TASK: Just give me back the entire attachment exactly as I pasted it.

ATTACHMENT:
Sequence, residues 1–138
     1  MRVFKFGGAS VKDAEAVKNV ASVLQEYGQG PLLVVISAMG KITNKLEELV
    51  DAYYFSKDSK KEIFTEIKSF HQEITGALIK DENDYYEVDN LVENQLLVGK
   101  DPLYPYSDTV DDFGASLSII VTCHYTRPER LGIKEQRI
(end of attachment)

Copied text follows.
Sequence, residues 1–138
     1  MRVFKFGGAS VKDAEAVKNV ASVLQEYGQG PLLVVISAMG KITNKLEELV
    51  DAYYFSKDSK KEIFTEIKSF HQEITGALIK DENDYYEVDN LVENQLLVGK
   101  DPLYPYSDTV DDFGASLSII VTCHYTRPER LGIKEQRI